Maureen Ouvry Retires as School Food Service Director

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Maureen Ouvry, on the right, welcomes her replacement, Sarah Dyer, as Food Service Director for Vicksburg Community Schools.

By Sue Moore

“I think about food every minute of my work day,” exclaims Maureen Ouvry, director of Food Service at Vicksburg Community Schools. Yet she remains a slim and trim 59-year-old who has been working in food service since she was 14. She will retire April 1 with a record 34 years as a school food service director.

“So much has changed even in the past five or six years,” Ouvry pointed out. “Michelle Obama’s efforts to encourage healthier eating has made a big difference in what we serve in the school lunch program. Her efforts to encourage a healthier America have been significant. For instance, Frito-Lay didn’t even have a whole grain chip to offer before her tenure. Now they sell baked Lay’s, a better choice.

“Our target is to have a lunch meal offering that comes in at 750 calories and breakfast at 350 to 400 with lots of fruits and vegetables included. I often stand by the trash barrels to make sure the food is being consumed,” Ouvry said. “We must remember that lunch is a social time for students. The trick is to get them to eat while they socialize. Kids can’t go through the lunch line without taking a half cup each of fruits and vegetables.

“In the elementary we don’t see any refusals because that’s all they know. The middle school is getting better and at the high school it is still a challenge. We have a ‘stop’ sign posted at the end of the line to remind them to choose wisely. Still, we aren’t going to arm wrestle with a teenager over their choices. We want to make the food attractive and have it be a good bargain with each meal.”

Vicksburg schools have been serving breakfast for 20 years in the elementary cafeterias. It was previously called “breakfast in a bag,” keeping the choices simple. Now it involves breakfast pizza – which is always whole grain – along with cereal, cinnamon rolls or muffins. Tobey serves hard boiled eggs on a stick but it didn’t catch on at the other schools, Ouvry said. She changes the menu every month with the fun one for April being grilled cheese on Texas toast, bananas, barbecue chicken flat bread pizza topped with chicken and barbecue sauce, a trend right now at pizza places.

In the middle school, where students begin class at 7:39 a.m., second chance breakfast is served in the hallways about an hour later. It is a grab and go system, with selections served on a cart that consist of cereal bars made of Nutri-Grain, fresh fruit and milk. They can eat on the run or right where they are. Payment for all foods are accounted for on an iPad with a pin number the student’s parent has pre-loaded. They also accept cash or checks anytime in the cafeteria.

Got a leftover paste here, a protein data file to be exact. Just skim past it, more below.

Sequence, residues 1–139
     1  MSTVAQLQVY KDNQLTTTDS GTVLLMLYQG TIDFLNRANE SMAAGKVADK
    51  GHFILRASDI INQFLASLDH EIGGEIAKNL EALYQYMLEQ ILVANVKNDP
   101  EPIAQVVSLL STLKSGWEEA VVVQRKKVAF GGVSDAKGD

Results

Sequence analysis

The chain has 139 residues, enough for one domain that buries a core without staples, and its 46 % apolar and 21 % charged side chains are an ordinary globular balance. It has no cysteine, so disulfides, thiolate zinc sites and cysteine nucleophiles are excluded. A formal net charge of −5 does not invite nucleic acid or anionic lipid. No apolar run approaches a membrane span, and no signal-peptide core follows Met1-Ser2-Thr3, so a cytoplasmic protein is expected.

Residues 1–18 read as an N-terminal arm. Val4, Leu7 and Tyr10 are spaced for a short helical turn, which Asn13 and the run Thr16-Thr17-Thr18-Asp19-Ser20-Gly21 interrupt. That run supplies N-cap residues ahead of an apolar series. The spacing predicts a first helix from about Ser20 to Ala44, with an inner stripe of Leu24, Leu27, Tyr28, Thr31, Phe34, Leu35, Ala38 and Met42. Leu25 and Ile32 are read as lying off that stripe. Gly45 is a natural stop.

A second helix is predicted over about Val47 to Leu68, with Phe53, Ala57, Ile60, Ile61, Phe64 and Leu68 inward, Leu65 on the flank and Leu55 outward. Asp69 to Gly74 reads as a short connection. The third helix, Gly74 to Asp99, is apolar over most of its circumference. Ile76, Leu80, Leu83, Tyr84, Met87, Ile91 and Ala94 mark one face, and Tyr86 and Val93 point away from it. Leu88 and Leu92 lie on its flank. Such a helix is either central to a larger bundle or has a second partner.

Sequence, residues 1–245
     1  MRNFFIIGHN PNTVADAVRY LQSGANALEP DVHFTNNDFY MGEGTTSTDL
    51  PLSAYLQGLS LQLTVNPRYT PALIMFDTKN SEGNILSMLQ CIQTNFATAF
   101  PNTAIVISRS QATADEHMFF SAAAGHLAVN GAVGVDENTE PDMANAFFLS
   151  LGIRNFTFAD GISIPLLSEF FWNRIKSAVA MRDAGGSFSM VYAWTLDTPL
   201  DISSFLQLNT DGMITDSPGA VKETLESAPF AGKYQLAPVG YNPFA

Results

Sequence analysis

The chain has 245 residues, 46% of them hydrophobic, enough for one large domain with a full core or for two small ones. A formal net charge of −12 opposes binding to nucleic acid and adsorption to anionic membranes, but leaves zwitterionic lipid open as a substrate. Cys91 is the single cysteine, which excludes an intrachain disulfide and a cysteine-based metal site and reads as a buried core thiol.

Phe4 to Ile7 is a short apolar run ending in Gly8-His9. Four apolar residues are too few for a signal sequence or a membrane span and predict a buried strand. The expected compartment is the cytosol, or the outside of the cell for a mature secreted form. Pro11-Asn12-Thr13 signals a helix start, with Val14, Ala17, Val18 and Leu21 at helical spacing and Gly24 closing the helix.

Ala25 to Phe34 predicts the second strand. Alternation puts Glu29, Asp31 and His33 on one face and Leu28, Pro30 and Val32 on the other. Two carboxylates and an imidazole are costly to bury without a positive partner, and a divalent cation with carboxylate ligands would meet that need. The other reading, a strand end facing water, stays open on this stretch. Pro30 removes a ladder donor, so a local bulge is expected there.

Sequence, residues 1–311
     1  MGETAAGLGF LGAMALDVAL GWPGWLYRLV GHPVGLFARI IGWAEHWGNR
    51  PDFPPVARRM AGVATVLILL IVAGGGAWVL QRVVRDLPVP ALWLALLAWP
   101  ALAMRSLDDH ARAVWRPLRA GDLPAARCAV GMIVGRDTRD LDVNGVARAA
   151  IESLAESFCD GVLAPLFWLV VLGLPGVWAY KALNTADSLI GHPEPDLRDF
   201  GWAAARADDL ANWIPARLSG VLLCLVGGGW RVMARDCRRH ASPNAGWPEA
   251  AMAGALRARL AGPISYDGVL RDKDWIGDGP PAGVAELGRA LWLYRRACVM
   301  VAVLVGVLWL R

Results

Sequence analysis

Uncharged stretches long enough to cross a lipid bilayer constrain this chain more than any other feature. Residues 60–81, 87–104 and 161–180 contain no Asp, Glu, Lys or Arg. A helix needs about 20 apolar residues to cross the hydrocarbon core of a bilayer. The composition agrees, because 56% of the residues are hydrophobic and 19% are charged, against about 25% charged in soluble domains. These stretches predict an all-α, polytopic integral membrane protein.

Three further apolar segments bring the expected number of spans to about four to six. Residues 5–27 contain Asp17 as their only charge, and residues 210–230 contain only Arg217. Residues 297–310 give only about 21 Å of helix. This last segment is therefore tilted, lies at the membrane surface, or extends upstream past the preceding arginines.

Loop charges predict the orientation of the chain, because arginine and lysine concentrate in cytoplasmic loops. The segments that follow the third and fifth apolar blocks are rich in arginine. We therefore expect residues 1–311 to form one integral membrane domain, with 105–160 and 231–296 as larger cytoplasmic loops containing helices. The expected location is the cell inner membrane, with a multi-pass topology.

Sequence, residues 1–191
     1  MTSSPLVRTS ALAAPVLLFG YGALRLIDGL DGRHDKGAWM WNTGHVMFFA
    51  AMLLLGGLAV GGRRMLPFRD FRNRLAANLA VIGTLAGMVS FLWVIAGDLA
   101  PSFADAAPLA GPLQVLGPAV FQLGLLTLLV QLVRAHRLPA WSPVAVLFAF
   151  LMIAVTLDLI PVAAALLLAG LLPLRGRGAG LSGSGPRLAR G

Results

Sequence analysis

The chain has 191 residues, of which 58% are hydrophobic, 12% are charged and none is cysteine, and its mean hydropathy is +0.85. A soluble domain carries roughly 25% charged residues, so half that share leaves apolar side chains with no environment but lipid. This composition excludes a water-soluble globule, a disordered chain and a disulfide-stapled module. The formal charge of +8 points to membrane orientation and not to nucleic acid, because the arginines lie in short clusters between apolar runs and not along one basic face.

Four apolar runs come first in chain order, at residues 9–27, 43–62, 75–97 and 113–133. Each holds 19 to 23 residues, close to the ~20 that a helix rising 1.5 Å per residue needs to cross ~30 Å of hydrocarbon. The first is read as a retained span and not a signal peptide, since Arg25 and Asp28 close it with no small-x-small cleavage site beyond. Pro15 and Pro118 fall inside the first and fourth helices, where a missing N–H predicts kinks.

The goal of the food service is to break even while watching the budget carefully. “Which hot dog or apple are we going to buy, I have to ask myself. It’s every hour that we are constantly making decisions about purchasing and watching everything we buy,” she said. On March 15, 498 kids had breakfast and 1,200 ate lunch. It’s all computerized: The system knows which students receive free and reduced-price lunches so they aren’t singled out in front of their classmates.

Ouvry began her career in Vicksburg in 1990 when she was hired by Superintendent Larry Cole after she had put in five years in Parchment. But she started working at 14 with a job as salad girl at Greco’s in the Maple Hill Mall. She stayed there 13 or 14 years and progressed through several jobs, advancing to bus girl, dining room manager and general manager. She tended bar and turned out the lights when the restaurant closed for good in 1984.

“Work made me happy. I’m constantly eating or thinking about food all day long.” She walks several miles each day and lately has been doing cardio drumming in a class at Sunset Lake school.

About 60 percent of Vicksburg’s 2,700 students eat school lunch. Others bring their lunch or don’t eat anything. “If we notice that a student isn’t eating, they aren’t singled out but we make a point to work with the administrators to be sure it’s not a financial need or talk with the parents to try and figure it out.

“The beauty of this is we are a team and I’m grateful to the dedicated food service staff that I’ve been fortunate to work with. Meals are so much healthier now and our staff and administrators care about nourishing the kids bodies with caring hands each day.”

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